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Subject: Re: [dita] Software Bias in Current DITA Design and Documentation

A few clarifications

1) IBM provides services, hardware and software - it is not essentially a software company.

2) Historically, DITA was created by a team that included representatives from the hardware ID community within IBM

3) Both hardware and software have a history of being organized around functional tasks rather than user tasks, and both communities are struggling to improve task orientation - but in the meantime, the current task design supports both approaches, and allows user communities to make their own decisions about task atomicity. If a set of tasks always belongs together, they can be authored in a single unit; if they only sometimes belong together, they can be authored separately. The out-of-the-box task doctype explicitly supports task nesting as the more flexible of the two options.

4) The language spec examples were created by a writer with a background in software, and the first set of specializations include several software-specific domains. That is the extent of the software bias to my knowledge.

Michael Priestley
IBM DITA Architect and Classification Schema PDT Lead

"W. Eliot Kimber" <ekimber@innodata-isogen.com>

01/17/2007 01:02 PM

[dita] Software Bias in Current DITA Design and Documentation

In my review of the latest reference spec and also in working through
some legacy conversion issues, I'm starting to conclude that there is
currently a software bias in both the DITA design and in the
documentation that reflects an underrepresentation of hardware
documentation requirements.

For example, in the introductions to concept, reference, and task, all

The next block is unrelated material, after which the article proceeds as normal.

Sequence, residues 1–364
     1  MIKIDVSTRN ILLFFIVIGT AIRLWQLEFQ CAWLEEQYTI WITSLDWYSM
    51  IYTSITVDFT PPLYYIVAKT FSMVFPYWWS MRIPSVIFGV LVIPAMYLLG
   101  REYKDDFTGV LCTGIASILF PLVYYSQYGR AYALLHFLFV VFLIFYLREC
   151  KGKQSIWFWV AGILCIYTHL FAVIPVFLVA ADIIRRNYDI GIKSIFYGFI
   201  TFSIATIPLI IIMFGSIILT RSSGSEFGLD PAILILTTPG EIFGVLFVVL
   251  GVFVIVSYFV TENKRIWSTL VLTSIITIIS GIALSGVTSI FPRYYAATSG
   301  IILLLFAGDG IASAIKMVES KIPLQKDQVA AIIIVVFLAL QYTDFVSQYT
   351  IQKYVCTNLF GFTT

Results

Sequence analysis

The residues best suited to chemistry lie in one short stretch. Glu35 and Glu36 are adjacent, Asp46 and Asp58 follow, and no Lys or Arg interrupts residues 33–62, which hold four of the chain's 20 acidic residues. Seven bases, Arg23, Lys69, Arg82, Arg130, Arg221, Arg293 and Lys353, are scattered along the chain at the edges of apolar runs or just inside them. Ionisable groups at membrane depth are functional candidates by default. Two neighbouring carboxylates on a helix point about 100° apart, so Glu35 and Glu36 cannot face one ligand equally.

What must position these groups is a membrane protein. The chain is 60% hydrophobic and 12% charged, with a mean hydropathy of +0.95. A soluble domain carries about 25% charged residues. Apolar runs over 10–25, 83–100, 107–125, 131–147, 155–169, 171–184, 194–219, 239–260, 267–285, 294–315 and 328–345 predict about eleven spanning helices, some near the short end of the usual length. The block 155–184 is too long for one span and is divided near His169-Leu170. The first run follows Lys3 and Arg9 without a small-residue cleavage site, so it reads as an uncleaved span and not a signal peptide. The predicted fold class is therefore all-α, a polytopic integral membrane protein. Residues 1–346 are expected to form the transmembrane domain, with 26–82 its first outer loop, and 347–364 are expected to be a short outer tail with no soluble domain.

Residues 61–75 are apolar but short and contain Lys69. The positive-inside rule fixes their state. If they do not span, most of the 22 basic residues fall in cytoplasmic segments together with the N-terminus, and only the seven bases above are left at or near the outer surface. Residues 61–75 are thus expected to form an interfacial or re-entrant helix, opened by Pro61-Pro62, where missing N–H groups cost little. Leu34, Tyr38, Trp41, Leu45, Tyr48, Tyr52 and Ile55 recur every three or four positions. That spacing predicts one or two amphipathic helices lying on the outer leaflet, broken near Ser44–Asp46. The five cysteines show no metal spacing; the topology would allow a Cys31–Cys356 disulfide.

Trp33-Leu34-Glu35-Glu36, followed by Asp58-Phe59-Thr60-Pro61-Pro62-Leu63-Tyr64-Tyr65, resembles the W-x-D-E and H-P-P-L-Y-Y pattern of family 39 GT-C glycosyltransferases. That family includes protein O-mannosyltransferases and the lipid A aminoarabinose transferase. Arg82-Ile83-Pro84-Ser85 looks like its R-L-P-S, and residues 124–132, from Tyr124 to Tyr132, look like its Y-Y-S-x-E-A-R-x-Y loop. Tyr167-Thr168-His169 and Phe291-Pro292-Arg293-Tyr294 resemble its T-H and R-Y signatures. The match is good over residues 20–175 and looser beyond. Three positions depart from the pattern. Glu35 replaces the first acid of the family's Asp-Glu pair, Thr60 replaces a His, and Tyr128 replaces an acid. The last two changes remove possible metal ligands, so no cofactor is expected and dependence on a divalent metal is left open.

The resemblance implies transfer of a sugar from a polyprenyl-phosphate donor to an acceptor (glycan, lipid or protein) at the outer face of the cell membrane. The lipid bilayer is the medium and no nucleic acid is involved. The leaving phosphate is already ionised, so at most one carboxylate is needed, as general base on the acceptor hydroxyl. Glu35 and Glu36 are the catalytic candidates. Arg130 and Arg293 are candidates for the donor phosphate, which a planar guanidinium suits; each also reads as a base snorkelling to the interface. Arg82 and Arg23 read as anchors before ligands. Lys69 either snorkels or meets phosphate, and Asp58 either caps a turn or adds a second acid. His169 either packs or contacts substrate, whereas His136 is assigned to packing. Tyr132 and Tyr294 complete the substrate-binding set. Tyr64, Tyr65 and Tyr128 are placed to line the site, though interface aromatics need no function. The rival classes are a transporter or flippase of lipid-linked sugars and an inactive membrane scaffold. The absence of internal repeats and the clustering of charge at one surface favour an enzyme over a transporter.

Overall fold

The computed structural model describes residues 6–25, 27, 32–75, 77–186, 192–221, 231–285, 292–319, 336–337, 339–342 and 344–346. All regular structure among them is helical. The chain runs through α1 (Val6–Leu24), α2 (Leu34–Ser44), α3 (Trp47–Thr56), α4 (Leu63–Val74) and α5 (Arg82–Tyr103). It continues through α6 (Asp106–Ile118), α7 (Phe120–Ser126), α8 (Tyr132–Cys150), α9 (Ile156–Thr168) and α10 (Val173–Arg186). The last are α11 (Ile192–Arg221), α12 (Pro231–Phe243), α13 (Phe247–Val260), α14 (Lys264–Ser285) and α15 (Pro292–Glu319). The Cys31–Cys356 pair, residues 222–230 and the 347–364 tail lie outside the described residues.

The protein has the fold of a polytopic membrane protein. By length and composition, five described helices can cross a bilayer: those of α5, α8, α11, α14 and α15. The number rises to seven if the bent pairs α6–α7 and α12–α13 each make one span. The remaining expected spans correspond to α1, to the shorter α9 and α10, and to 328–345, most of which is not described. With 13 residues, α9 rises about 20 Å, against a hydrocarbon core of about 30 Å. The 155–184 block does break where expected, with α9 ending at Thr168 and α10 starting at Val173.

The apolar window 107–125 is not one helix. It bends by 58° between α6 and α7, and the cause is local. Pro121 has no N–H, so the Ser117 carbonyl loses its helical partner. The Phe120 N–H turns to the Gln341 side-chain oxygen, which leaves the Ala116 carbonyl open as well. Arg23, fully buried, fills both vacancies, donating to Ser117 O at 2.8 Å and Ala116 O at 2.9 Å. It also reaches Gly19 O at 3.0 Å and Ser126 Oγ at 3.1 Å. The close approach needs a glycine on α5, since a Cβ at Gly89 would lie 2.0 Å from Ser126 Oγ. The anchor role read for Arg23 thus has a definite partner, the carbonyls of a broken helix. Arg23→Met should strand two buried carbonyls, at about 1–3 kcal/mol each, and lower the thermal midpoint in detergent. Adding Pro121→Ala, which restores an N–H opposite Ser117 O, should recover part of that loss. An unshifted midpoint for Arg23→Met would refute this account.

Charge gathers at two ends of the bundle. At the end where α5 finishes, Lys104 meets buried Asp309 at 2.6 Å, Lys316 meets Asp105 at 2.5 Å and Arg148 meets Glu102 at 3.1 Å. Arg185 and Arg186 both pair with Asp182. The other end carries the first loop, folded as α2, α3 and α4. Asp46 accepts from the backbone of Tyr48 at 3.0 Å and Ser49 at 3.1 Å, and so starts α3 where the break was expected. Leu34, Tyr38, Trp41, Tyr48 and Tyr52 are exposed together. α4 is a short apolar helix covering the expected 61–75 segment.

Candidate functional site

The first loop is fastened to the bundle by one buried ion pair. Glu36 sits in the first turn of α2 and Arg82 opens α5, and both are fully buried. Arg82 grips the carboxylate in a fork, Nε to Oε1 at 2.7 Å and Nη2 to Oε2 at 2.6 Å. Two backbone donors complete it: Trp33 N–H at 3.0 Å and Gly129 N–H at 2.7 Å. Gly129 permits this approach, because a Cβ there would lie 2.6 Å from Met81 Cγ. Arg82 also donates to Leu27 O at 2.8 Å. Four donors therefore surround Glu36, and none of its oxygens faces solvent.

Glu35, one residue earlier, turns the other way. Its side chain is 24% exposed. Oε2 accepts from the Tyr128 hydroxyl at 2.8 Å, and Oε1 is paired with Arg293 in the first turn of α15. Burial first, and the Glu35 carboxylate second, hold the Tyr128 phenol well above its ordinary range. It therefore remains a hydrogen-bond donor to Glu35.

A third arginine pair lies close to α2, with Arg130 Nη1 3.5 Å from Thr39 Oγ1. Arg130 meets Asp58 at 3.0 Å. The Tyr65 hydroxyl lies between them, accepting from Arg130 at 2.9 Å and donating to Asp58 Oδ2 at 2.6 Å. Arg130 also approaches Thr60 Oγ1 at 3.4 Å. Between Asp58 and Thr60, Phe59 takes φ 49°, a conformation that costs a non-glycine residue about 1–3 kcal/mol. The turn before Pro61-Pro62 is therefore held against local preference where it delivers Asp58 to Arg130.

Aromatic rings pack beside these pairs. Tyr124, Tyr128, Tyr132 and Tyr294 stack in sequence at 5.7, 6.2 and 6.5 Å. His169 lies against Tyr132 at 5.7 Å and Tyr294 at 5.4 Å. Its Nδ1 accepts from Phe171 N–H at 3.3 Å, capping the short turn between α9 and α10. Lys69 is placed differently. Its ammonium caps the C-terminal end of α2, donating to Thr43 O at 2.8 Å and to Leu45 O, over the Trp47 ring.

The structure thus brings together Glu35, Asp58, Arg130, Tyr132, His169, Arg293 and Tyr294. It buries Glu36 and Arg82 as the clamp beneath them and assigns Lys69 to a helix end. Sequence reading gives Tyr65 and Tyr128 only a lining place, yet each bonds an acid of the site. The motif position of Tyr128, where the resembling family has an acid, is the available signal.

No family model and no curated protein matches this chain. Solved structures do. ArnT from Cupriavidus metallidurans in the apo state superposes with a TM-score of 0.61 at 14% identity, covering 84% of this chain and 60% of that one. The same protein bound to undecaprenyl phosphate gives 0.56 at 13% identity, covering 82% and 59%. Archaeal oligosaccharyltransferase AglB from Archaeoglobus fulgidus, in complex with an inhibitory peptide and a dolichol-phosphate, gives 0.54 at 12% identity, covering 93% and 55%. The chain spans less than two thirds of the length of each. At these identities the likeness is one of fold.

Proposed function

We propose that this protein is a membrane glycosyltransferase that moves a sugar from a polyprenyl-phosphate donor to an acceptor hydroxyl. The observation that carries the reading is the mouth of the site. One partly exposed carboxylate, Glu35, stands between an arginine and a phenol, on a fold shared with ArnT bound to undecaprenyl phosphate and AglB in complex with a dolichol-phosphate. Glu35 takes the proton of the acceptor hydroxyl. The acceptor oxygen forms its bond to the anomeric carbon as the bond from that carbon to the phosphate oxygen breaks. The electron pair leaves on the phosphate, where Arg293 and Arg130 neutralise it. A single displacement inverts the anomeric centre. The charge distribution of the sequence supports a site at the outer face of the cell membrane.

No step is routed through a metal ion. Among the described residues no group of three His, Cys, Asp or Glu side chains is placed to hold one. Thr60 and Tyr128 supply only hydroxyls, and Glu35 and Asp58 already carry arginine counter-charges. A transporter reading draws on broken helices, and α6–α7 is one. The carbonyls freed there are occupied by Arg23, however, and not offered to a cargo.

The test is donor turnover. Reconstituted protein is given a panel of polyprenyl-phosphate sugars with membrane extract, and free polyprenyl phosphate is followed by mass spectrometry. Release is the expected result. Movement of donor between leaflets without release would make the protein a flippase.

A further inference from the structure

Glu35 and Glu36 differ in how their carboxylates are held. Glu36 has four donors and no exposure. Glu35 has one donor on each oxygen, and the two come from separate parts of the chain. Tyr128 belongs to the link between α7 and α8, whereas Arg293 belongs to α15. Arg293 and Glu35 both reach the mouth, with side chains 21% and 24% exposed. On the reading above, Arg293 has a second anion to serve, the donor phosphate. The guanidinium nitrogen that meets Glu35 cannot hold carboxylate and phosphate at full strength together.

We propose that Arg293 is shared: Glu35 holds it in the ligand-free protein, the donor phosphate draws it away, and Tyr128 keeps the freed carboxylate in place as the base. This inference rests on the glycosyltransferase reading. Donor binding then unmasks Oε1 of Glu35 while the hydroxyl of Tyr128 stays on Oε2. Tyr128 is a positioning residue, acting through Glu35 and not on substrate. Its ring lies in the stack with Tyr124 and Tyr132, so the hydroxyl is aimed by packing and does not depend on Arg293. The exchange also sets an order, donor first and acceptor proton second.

the examples are software examples (with the exception of recipes). I
didn't see any examples of hardware-specific uses, such as parts lists,
assembly procedures, and so on.

It's not surprising that this bias exists given that IBM is essentially
a software company and DITA has historically been driven by the needs of
software documentors.

I think that this bias becomes a problem specifically in tasks, where
there is a somewhat different documentation practice for hardware and

In particular, hardware tasks are often organized and grouped based on
the subsystem being operated on and the set of tools and consumables
required, whereas software tasks, which don't normally involve tools or
consumables, are more naturally standalone.

Thus the current design of the task topic does not provide for
describing, under single context and set of prerequisites, a set of
distinct but related tasks that are intended to be performed as a unit
and that are not really usefully pulled out as standalone tasks, i.e.,
removal, repair, test, and replacement of a single primary part or

Apart from adding a few hardware examples to the docs, there's not
anything we can do about this for 1.1 of course, but I'd definitely like
to visit the issue of more sophisticated task structures for the next
development phase.


W. Eliot Kimber
Professional Services
Innodata Isogen
8500 N. Mopac, Suite 402
Austin, TX 78759
(214) 954-5198


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